500 Sitka Ave, Newberg, OR 97132

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Gum Disease


Gum disease is caused by plaque, a sticky film that contains bacteria that also promotes tooth decay. When plaque gets into the space between the tooth and the gums, the bacteria in it causes red, swollen and bleeding gums. Untreated, the bone around the tooth can eventually erode, causing loose teeth, changes in your bite, and eventual tooth loss.



Gingivitis is characterized by red, swollen gums that bleed during probing and flossing. It is caused by the presence of plaque and calculus under the gum line. A thorough professional cleaning followed by conscientious home care usually causes gingivitis to subside within a few days. Untreated gingivitis burdens the immune system and can turn into periodontitis.



Periodontitis, the leading cause of tooth loss, is a condition where gum separates from the tooth and the surrounding bone starts to pull back from the irritants in the plaque. Untreated periodontitis can result in loose teeth with exposed roots. Besides causing eventual tooth loss, periodontitis affects patients’ overall health, particularly those who are pregnant or have diabetes.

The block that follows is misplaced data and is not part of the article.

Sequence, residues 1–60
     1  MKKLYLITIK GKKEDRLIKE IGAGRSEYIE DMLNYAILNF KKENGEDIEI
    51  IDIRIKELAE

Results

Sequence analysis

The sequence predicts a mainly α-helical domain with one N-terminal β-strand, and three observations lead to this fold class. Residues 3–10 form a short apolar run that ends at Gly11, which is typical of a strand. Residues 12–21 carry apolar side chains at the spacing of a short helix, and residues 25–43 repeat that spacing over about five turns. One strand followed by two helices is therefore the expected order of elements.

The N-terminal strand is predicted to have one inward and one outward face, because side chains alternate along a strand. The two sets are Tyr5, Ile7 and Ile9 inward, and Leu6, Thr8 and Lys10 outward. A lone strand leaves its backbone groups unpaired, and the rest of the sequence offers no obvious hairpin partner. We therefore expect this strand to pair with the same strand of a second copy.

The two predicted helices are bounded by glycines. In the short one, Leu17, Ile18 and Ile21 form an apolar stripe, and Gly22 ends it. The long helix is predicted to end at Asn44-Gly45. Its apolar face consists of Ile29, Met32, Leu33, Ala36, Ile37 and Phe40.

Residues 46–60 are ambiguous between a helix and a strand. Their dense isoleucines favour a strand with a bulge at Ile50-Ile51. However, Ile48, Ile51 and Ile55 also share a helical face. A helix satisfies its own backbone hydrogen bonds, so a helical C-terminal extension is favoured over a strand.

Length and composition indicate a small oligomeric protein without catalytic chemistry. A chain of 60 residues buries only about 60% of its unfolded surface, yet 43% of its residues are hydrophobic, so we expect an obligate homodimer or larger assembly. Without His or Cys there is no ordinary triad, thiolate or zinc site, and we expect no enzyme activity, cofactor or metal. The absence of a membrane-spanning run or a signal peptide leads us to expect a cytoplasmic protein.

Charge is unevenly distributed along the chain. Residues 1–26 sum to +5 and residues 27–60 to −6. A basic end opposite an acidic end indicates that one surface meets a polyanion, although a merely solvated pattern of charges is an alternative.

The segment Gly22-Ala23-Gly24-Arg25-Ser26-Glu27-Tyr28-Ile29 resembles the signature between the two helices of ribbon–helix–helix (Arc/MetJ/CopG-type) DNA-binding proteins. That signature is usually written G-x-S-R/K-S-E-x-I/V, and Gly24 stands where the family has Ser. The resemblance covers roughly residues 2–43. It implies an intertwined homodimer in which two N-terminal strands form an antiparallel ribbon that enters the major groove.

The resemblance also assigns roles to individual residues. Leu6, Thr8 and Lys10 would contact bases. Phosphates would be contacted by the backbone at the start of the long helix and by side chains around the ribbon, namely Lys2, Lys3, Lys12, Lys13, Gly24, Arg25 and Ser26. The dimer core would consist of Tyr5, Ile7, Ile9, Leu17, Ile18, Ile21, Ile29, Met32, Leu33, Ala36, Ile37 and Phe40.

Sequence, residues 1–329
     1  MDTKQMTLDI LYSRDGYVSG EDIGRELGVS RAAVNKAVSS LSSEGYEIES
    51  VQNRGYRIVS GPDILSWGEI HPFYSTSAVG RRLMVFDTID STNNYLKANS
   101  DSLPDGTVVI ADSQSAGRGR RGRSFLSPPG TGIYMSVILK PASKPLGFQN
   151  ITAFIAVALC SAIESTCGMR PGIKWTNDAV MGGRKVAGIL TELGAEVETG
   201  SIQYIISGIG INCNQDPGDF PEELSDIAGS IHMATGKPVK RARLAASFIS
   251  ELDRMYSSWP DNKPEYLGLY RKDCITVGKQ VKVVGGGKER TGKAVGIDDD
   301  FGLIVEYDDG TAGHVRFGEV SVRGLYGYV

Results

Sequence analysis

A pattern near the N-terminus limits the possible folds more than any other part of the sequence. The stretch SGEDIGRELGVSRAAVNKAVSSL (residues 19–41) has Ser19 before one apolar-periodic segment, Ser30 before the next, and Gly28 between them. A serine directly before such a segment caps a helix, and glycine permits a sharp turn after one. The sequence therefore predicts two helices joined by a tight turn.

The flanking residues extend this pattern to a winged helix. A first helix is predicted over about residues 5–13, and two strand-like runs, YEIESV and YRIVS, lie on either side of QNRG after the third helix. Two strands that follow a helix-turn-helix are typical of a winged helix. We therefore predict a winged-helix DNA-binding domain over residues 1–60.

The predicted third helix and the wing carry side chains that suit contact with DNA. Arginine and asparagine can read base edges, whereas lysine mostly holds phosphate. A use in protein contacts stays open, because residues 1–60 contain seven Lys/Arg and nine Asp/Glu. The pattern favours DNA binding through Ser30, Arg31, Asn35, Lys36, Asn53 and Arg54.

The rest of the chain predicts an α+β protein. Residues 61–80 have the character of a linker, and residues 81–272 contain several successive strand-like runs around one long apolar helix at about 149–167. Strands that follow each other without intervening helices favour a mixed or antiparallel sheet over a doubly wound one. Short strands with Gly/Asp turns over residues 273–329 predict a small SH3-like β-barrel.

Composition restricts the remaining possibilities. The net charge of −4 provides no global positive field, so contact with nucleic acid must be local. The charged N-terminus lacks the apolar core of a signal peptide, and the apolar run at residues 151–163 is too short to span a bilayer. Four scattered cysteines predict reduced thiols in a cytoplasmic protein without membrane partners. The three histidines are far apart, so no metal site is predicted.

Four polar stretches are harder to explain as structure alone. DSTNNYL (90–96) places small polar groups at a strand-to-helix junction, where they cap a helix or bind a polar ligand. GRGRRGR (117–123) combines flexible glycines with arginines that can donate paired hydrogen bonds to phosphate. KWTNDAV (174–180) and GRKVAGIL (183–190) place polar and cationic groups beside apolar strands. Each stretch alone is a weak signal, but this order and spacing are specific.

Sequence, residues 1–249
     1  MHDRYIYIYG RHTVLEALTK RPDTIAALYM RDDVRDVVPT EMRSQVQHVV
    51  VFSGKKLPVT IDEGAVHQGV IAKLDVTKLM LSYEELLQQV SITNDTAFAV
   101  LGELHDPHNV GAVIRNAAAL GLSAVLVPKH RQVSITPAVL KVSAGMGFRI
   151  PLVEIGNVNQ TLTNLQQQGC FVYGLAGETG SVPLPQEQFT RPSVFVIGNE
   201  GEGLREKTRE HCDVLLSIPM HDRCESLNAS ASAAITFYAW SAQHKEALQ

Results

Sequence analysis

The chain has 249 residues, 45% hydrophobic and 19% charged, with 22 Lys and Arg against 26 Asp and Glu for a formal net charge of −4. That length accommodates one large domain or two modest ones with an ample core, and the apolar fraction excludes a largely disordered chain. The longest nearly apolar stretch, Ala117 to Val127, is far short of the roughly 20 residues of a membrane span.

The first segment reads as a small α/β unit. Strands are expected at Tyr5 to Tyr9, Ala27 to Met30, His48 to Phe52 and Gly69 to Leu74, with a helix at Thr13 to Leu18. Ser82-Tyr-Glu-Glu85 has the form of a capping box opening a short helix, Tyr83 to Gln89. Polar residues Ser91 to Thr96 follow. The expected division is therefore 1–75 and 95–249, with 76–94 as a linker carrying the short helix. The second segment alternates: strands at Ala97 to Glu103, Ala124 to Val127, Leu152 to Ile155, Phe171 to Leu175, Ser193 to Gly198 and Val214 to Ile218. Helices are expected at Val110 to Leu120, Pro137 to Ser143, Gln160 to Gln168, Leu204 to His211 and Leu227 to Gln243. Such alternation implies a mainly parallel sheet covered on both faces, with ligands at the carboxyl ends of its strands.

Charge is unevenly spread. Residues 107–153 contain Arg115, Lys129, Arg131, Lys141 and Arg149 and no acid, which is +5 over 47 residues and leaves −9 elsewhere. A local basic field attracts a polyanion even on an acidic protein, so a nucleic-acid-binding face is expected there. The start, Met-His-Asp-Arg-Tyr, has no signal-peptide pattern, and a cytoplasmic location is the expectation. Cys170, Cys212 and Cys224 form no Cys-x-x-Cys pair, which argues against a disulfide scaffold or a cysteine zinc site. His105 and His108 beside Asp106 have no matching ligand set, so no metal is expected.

The pockets, or space between the gums and the teeth, are carefully measured around each tooth. Pockets that are deeper than 3 millimeters indicate the presence of gum disease. The prognosis is improved with early detection and treatment.



A hygienist cleans the teeth under the gums in a procedure called scaling and root planing. This type of cleaning usually takes several appointments, cleaning one section of the mouth at a time. Most patients are numbed, and the hygienist carefully makes sure that all calculus below the gums is removed. Once the calculus has been removed, most patients require periodontal maintenance, which means they will need frequent cleanings to prevent the calculus from returning. Once you have been diagnosed with periodontal disease, the maintenance procedures along with meticulous home care will be a life long process to control the disease—which is why early prevention and treatment are so important.